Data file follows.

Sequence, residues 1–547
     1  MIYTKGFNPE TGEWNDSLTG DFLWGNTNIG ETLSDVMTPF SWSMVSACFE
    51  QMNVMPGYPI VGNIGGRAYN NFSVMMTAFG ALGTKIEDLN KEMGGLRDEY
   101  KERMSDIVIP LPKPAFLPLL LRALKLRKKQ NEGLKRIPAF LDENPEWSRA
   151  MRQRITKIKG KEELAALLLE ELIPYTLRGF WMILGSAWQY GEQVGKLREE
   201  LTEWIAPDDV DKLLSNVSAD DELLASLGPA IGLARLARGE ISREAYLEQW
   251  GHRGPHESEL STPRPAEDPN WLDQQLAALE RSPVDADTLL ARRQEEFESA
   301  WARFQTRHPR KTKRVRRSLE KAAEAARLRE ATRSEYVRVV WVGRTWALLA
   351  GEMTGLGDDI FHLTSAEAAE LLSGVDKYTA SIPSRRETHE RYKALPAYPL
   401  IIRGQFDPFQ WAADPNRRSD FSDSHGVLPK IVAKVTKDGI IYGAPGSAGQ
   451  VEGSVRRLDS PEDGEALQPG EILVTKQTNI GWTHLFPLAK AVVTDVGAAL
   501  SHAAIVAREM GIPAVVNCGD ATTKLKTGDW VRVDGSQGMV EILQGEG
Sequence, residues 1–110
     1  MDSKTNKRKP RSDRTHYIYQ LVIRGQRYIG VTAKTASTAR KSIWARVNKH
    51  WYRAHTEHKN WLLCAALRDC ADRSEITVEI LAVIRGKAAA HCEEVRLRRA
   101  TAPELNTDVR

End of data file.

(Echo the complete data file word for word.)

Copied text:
Sequence, residues 1–547
     1  MIYTKGFNPE TGEWNDSLTG DFLWGNTNIG ETLSDVMTPF SWSMVSACFE
    51  QMNVMPGYPI VGNIGGRAYN NFSVMMTAFG ALGTKIEDLN KEMGGLRDEY
   101  KERMSDIVIP LPKPAFLPLL LRALKLRKKQ NEGLKRIPAF LDENPEWSRA
   151  MRQRITKIKG KEELAALLLE ELIPYTLRGF WMILGSAWQY GEQVGKLREE
   201  LTEWIAPDDV DKLLSNVSAD DELLASLGPA IGLARLARGE ISREAYLEQW
   251  GHRGPHESEL STPRPAEDPN WLDQQLAALE RSPVDADTLL ARRQEEFESA
   301  WARFQTRHPR KTKRVRRSLE KAAEAARLRE ATRSEYVRVV WVGRTWALLA
   351  GEMTGLGDDI FHLTSAEAAE LLSGVDKYTA SIPSRRETHE RYKALPAYPL
   401  IIRGQFDPFQ WAADPNRRSD FSDSHGVLPK IVAKVTKDGI IYGAPGSAGQ
   451  VEGSVRRLDS PEDGEALQPG EILVTKQTNI GWTHLFPLAK AVVTDVGAAL
   501  SHAAIVAREM GIPAVVNCGD ATTKLKTGDW VRVDGSQGMV EILQGEG
Sequence, residues 1–110
     1  MDSKTNKRKP RSDRTHYIYQ LVIRGQRYIG VTAKTASTAR KSIWARVNKH
    51  WYRAHTEHKN WLLCAALRDC ADRSEITVEI LAVIRGKAAA HCEEVRLRRA
   101  TAPELNTDVR